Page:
How about these three reasons for visiting the Church of Saint Demetrios.  An heroic story from the days of Romans slaughtering Christians; a crypt where a murdered saint performed miracles; treasures from a troubled past. Let’s start at …

The Beginning

Demetrios was born in Thessaloniki when the Roman rulers persecuted Christians. This son of a military commander joined the army but was secretly baptized. He refused an order to kill Christians and was thrown into prison where he was tortured, killed and buried in about 305AD. Before he died he left his wealth to the poor.  Not long after Demetrios’s death the Romans did a U-turn. Christianity became an accepted religion and the worship of idols and gods was supposedly stopped. 

Church of Saint Demetrios

The Church

At first, a small church was built on the site of Demetrios’s grave and began to attract pilgrims. It was said that “holy myrrh” from his remains was responsible for miraculous cures of diseases. Thousands flocked there. About a century later a bigger church was built, only to burn down after a couple of centuries and be replaced about 1,400 years ago. After the Ottoman conquest of Thessaloniki in 1430 the church became a mosque. Then on October 26, 1912, Thessaloniki was liberated when the Greek Army drove out the Turks. That, coincidentally, is the date of St Demetrios’s feast day. Grateful Thessaloniki made Demetrios patron saint of the city. Every October 26 is still a day of processions, services and parties. The church, a five-aisled basilica full of graceful arches and beautifully restored mosaics and icons, is considered a fine example of Byzantine religious architecture. It was badly damaged by fire in 1917 but restored on the original plans. It includes a shrine to the saint.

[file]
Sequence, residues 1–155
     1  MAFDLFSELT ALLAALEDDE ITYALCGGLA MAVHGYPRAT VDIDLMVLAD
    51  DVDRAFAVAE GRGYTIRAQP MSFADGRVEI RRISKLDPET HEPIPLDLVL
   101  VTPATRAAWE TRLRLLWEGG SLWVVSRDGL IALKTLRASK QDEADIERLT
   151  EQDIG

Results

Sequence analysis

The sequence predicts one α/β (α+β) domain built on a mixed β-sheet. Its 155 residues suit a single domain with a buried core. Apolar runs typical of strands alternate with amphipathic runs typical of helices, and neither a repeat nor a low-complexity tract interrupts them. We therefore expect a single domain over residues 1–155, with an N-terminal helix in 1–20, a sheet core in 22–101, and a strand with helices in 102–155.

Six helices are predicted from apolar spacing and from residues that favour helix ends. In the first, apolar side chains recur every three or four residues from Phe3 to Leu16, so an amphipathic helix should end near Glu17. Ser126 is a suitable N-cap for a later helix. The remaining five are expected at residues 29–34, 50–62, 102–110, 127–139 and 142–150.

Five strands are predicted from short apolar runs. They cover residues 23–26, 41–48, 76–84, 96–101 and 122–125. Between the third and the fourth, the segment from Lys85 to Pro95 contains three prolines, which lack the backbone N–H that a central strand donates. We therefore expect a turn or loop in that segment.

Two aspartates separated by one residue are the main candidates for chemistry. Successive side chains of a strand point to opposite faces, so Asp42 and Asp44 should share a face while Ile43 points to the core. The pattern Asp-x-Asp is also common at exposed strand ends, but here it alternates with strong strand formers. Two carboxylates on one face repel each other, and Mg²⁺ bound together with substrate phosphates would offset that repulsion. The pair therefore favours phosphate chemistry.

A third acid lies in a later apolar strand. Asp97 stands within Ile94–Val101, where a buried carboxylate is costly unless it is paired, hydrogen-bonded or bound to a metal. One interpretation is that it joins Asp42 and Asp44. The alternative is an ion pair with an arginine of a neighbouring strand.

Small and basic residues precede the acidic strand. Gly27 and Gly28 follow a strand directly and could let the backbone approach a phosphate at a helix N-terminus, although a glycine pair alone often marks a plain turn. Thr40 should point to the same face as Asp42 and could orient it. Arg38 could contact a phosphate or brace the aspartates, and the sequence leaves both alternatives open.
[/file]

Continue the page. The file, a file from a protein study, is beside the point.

The Crypt

The Crypt

The fire led to the re-discovery of 7th century mosaics and the crypt on the spot where Demetrios was said have been killed. Over the centuries of the Ottoman occupation the crypt became filled with soil and was abandoned and forgotten.

It is believed that the crypt was once part of a network of underground tunnels running between numerous ancient sites. It is now an atmospheric museum and exhibition area with artefacts that include articles from the original 5th century church.

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